But now Obama has decided, I am told, to go all-in on bringing the measure home. The question is what the White House believes that going all-in entails. The temptation will be to try and pass it by cutting deals and scratching for votes one by one. But this is not (or not only) a moment for playing the inside game. This is a moment that screams for Obama to turn the bill into a crusade, to hammer home the connection between the BP spill and the need to end our addiction to oil, to shout from the rooftops his vision of a cleaner, greener energy future.
Corporate. The criminal and civil investigations—and, one hopes, prosecutions and ginormous fines—of BP and others are well and good. But they seem too small, pedestrian, and, you know, legalistic (especially since none of the company’s executives is likely to serve hard time) to provide rough-enough justice given the circumstances. The former Labor secretary Robert Reich got a ton of ink when he suggested that Obama place BP’s U.S. subsidiary into temporary receivership. Whatever the idea’s other merits, it would go a long way toward establishing that Obama is, in James Carville’s phrase, the oil titan’s “daddy.”
Even better would be penalties that force BP simultaneously to pay for its sins and contribute to a future where its profitability would be severely undermined. As readers of Daniel Gross’s column in Slate suggested, why not compel BP either to put a nontrivial percentage of its profits or an amount matching dollar for dollar the damages it has caused in the gulf into developing and making publicly available alternative-energy technologies?
Conservationist. The mitigation of the spill’s effects and the cleanup of the gulf—from the ocean itself to the wetlands and beaches of Louisiana, Mississippi, Alabama, and Florida, at a minimum—seem destined to be a Herculean task, requiring the work of many thousands of laborers. At a time when the unemployment rate is still hovering near double digits, and when the local economies hit most directly are likely to be decimated, Obama could transform the effort into a massive jobs program, funded not by the government but by BP. At the same time, he could create a new volunteer national-service organization dedicated to the cause. A Democratic operative of my acquaintance has already coined a name for this putative operation: the Gulf Recovery Corps.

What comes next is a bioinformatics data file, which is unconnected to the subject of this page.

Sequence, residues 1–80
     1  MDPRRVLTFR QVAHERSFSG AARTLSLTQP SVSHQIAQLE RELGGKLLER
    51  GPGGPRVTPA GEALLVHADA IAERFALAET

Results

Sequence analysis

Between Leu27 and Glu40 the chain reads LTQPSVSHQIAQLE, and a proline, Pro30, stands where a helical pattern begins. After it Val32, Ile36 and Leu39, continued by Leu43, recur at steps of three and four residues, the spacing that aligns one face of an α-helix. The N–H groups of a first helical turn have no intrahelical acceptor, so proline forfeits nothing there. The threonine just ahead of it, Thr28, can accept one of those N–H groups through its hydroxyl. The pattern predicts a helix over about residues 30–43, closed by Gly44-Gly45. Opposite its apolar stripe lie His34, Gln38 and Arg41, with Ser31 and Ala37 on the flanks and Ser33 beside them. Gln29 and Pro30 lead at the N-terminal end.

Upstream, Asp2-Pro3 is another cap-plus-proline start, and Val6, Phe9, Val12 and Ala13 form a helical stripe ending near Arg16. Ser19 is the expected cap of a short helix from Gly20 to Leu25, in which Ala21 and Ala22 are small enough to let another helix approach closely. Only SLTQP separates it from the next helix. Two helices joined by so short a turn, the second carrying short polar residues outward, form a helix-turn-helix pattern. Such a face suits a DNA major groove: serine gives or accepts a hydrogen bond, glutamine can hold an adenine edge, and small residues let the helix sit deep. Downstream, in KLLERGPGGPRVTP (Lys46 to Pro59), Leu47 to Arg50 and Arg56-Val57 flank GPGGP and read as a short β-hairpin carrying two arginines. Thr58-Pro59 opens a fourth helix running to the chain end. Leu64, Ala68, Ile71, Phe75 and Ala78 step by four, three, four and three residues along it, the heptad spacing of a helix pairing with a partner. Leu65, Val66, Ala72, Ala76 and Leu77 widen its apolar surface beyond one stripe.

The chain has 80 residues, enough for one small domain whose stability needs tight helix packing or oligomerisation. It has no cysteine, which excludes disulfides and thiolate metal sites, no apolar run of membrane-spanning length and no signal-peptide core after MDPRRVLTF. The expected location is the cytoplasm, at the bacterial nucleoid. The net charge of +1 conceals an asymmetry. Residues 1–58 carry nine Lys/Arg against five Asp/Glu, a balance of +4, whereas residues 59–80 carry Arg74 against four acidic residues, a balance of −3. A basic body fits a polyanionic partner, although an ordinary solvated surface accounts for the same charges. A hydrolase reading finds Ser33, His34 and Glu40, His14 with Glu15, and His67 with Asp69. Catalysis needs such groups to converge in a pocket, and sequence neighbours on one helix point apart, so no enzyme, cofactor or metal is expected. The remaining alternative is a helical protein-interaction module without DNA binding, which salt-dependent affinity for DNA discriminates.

Each of these suggestions has much to commend it on purely substantive grounds. America needs energy reform; BP needs to have its teeth kicked in; the gulf needs saving. But these proposals would also help Obama attend to the political imperatives the crisis has thrust upon him. They would pull him out of his defensive crouch and put him firmly on offense. Executed well, they’d quash the questions being raised by his opponents about his competence. And they would help restore the perception of Obama as a man of big talents and big ambitions ideally suited to a time in history full of big, even epochal challenges.
That sense of bigness was, of course, a signature of Obama’s campaign persona—sometimes to a fault. (One cringes at the memory of him, on the night he wrapped up the Democratic nomination, declaring that future generations would recall that “this was the moment when the rise of the oceans began to slow and our planet began to heal.”) But at times in his presidency, the grandness of Obama’s rhetoric and self-conception has been matched with a more quotidian reality, and the vastness of the problems he’s identified with solutions that seem, if not small bore, inadequate to the task at hand and to their billing.
The BP spill offers Obama a chance to chart a different course—and if he happens to need a road map, history provides one. The launch of Sputnik prodded America to enter the race for space and JFK to pledge to put a man on the moon. The horrors of Selma led LBJ to press for the Voting Rights Act. In each case, a president confronted by a crisis turned it into an opening for progress. If Obama fails to do the same, his political standing may or may not wind up as coated in tar as the Gulf Coast’s wetlands. But he will have missed the kind of historic opportunity that his presidency was built to seize.